Image building after all is part of the objectives that have to be achieved through such political reforms.

If the next government were able to manage those challenges successfully, then the prospect for democratic consolidation would improve. If so, this would certainly be a positive contribution to the building of democratic principles, which are the foundation of national and regional stability and cooperation.

A stable, strong and democratic Indonesia would strengthen its leadership role in ASEAN. This is very important for the maintenance of long-term regional stability. It will also enhance and strengthen ASEAN capacity for collective action based on "accepted" democratic values and principles. Conversely, an unstable Indonesia with its fragile democratic life -- would make the regional security environment uncertain and even dangerous.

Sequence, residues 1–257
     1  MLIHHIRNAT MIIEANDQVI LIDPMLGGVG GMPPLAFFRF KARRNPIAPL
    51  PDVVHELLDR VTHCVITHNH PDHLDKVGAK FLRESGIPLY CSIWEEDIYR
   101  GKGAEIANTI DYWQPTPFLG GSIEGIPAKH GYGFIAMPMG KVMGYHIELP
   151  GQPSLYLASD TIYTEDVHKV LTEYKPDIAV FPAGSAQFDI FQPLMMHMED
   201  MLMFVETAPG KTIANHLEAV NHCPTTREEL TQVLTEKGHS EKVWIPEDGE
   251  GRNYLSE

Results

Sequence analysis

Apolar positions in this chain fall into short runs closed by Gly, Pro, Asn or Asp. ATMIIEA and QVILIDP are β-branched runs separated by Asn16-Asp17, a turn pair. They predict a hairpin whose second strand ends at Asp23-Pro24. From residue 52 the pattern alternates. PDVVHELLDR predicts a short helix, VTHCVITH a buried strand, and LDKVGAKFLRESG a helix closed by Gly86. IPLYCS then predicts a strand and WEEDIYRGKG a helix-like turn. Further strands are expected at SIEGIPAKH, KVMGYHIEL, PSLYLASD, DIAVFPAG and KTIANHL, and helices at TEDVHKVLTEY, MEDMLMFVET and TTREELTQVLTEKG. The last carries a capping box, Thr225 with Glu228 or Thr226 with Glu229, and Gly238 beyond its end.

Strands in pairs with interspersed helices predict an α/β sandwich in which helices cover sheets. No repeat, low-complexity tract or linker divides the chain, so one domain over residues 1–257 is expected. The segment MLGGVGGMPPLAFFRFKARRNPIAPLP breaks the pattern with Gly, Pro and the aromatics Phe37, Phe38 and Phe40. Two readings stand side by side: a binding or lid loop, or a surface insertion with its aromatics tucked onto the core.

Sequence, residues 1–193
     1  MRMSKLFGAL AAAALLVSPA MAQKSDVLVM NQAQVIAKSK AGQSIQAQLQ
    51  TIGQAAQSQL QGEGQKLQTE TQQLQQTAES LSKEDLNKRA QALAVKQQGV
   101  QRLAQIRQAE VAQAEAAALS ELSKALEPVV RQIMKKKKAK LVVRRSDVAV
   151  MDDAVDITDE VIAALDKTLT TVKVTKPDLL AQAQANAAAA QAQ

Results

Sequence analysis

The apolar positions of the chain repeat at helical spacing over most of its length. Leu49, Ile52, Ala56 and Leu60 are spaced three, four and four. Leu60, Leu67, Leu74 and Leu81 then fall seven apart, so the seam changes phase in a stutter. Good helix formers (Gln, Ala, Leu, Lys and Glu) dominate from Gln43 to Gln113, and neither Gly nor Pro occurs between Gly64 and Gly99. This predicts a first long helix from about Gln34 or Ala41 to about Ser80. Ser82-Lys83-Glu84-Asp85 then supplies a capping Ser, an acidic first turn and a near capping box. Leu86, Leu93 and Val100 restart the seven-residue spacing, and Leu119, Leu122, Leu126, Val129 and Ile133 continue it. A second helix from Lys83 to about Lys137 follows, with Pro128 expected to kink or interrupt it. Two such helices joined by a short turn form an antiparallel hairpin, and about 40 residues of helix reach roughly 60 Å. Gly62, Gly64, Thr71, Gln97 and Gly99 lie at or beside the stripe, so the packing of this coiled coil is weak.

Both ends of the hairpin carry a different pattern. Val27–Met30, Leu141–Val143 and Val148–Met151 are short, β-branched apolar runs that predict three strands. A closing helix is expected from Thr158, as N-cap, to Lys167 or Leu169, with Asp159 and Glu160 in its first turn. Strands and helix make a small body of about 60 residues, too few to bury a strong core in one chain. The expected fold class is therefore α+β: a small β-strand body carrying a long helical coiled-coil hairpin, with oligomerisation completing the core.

This would mean that while the countries in the region highly value the strategic importance of Indonesia, failure in the democratic process could turn Indonesia into a trouble spot.

For most countries in Southeast Asia, the overriding concern about Indonesia is perhaps not whether it is democratic or not, but when stability will return and how. They will be curious to see how Indonesia will be able to balance its need for both democracy and stability. While the people in Indonesia yearn for democracy and aspire to be democratic, it is also true that it is not the panacea for all ills.

What the ASEAN neighbors will wonder then is whether Indonesia's search for stability will take a course toward more democracy, or lead to a more authoritarian regime, and how can the case for Indonesian democracy for long-term stability be convincingly and clearly made to the Indonesians whose daily lives are affected by instability and street violence?

The evolution of Indonesia's democracy could drive the Southeast Asia security environment into a certain direction. What we would hope to see is that violence-free elections and a successful democratic transition in Indonesia could contribute toward stability in Southeast Asia. Given that Indonesia is the current chairman of ASEAN, a stable and democratic Indonesia could help realize the newly proposed ASEAN's concept of community. Can such an image help eliminate the perception that instability and chaos is a chronic condition in Indonesia?